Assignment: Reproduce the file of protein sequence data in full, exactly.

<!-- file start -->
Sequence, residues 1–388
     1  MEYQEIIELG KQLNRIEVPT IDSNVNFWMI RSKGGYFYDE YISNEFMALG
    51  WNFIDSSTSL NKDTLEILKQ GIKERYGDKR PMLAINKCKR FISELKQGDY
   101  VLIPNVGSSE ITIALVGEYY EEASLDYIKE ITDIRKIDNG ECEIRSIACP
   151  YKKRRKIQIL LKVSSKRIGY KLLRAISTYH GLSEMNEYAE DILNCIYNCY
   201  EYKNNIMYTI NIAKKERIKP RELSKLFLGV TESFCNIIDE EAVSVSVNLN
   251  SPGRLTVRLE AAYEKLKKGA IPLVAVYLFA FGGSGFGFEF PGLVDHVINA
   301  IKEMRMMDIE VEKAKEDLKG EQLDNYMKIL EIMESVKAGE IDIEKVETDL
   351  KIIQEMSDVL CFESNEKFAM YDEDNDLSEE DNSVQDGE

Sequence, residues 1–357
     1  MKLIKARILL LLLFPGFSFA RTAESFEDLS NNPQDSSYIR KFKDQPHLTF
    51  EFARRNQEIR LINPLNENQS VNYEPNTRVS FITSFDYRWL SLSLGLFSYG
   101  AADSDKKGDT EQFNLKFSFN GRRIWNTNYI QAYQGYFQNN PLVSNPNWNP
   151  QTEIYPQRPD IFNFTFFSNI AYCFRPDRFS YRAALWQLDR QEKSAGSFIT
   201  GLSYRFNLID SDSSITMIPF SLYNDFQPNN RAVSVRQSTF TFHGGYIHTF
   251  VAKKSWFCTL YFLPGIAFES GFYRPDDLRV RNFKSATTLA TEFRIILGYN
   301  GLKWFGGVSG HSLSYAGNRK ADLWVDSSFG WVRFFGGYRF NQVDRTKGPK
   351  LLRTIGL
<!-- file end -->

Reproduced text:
Sequence, residues 1–388
     1  MEYQEIIELG KQLNRIEVPT IDSNVNFWMI RSKGGYFYDE YISNEFMALG
    51  WNFIDSSTSL NKDTLEILKQ GIKERYGDKR PMLAINKCKR FISELKQGDY
   101  VLIPNVGSSE ITIALVGEYY EEASLDYIKE ITDIRKIDNG ECEIRSIACP
   151  YKKRRKIQIL LKVSSKRIGY KLLRAISTYH GLSEMNEYAE DILNCIYNCY
   201  EYKNNIMYTI NIAKKERIKP RELSKLFLGV TESFCNIIDE EAVSVSVNLN
   251  SPGRLTVRLE AAYEKLKKGA IPLVAVYLFA FGGSGFGFEF PGLVDHVINA
   301  IKEMRMMDIE VEKAKEDLKG EQLDNYMKIL EIMESVKAGE IDIEKVETDL
   351  KIIQEMSDVL CFESNEKFAM YDEDNDLSEE DNSVQDGE

Sequence, residues 1–357
     1  MKLIKARILL LLLFPGFSFA RTAESFEDLS NNPQDSSYIR KFKDQPHLTF
    51  EFARRNQEIR LINPLNENQS VNYEPNTRVS FITSFDYRWL SLSLGLFSYG
   101  AADSDKKGDT EQFNLKFSFN GRRIWNTNYI QAYQGYFQNN PLVSNPNWNP
   151  QTEIYPQRPD IFNFTFFSNI AYCFRPDRFS YRAALWQLDR QEKSAGSFIT
   201  GLSYRFNLID SDSSITMIPF SLYNDFQPNN RAVSVRQSTF TFHGGYIHTF
   251  VAKKSWFCTL YFLPGIAFES GFYRPDDLRV RNFKSATTLA TEFRIILGYN
   301  GLKWFGGVSG HSLSYAGNRK ADLWVDSSFG WVRFFGGYRF NQVDRTKGPK
   351  LLRTIGL